S&C: Looking at your background, it seems that the three friends, Tess, Joline, and Ellie, are all facets of your own personality. Is this true? How much of you appears in your characters? How much of other people in your life?

There is no question that a part of me runs through each of these three women. I have a lot in common with Tess as an entrepreneur and independent thinker (although under no circumstances do I run up mountains!). I very much relate to Ellie as a mother, and Joline’s struggle to balance a focus on work that is meaningful to her with the desire for financial success is something I think about a lot. Their other traits and quirks have smatterings of various people in my life, but they are also born from the elaborate backstories I created to get to know them. In the end, I hope they each stand as unique individuals.

S&C: What is your writing ritual?

I write first thing in the morning—and by this I mean, I do nothing but put on slippers, make a cup of coffee, and sneak down to my office—and I write until hunger or brain fatigue forces a break, usually after three or four hours. Then I try to get out of the house for a walk to clear my head. I find I do a lot of my best story development when I’m away from the computer. If time allows, I’ll go back to it again in the afternoon, but life’s other obligations often pull me away by mid-afternoon.

S&C: There are others out there with amazing stories like yours that want to share them. How would you recommend someone begin the process of being published? What was your process?

I am incredibly blessed to live outside Boston, and credit GrubStreet ( with teaching me just about everything I needed to know, from rigorous craft workshops, to seminars about how the publishing industry works, to meeting agents and editors at their annual Muse & the Marketplace conference. They have a full complement of classes online too, so you don’t have to be in Boston to link into everything they have to offer. Writing can feel like a lonely endeavor, and the power of being part of a community of fellow writers is a wonderful thing.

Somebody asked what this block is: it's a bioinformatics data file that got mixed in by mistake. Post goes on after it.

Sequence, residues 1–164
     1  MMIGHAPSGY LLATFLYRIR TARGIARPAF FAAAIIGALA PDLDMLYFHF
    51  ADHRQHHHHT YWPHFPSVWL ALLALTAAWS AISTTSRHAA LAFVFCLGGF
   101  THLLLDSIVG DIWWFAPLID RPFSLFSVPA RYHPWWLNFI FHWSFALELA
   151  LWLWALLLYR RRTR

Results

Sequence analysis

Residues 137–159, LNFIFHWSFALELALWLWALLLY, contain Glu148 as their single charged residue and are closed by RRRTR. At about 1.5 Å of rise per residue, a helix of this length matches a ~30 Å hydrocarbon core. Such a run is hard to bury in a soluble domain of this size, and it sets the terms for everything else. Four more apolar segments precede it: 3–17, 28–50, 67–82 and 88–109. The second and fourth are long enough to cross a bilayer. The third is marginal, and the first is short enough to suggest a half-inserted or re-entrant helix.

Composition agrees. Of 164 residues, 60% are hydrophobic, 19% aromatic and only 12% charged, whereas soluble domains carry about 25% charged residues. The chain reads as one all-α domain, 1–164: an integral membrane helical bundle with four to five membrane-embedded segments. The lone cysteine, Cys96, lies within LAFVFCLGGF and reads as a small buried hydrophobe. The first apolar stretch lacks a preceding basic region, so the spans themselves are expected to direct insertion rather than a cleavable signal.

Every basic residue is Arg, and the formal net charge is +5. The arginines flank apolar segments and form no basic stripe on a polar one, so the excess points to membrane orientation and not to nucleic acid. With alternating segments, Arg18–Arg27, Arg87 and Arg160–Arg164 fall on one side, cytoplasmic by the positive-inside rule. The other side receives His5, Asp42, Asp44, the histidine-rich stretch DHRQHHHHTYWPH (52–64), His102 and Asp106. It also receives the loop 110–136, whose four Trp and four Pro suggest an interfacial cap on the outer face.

S&C: Many of our readers are trying to balance their lives as parents with the pursuit of their passions. How do you find that balance?

Now that I write from home, I do try to fit as much of my work as I can into the school day and focus on them when they are home, but it’s not always that simple. I think the two most powerful things we can do as mothers is to model what pursuing one’s dreams looks like and love our children unconditionally. Pursuing dreams and passions isn’t always easy, sometimes it’s downright messy, and I actually think it’s great for them to see what that looks like. For me, that means that the laundry, grocery shopping, and overall household organization gets horribly neglected, but I can live with that. And on nights when I have to be out for a board meeting or an event (or my book group, which I prioritize very highly) my kids get to see that passions rarely fit neatly into a box, and that’s OK too. It doesn’t mean I love them any less.

Fill the Sky will be released on October 20, 2016. It is available for pre-order on Amazon.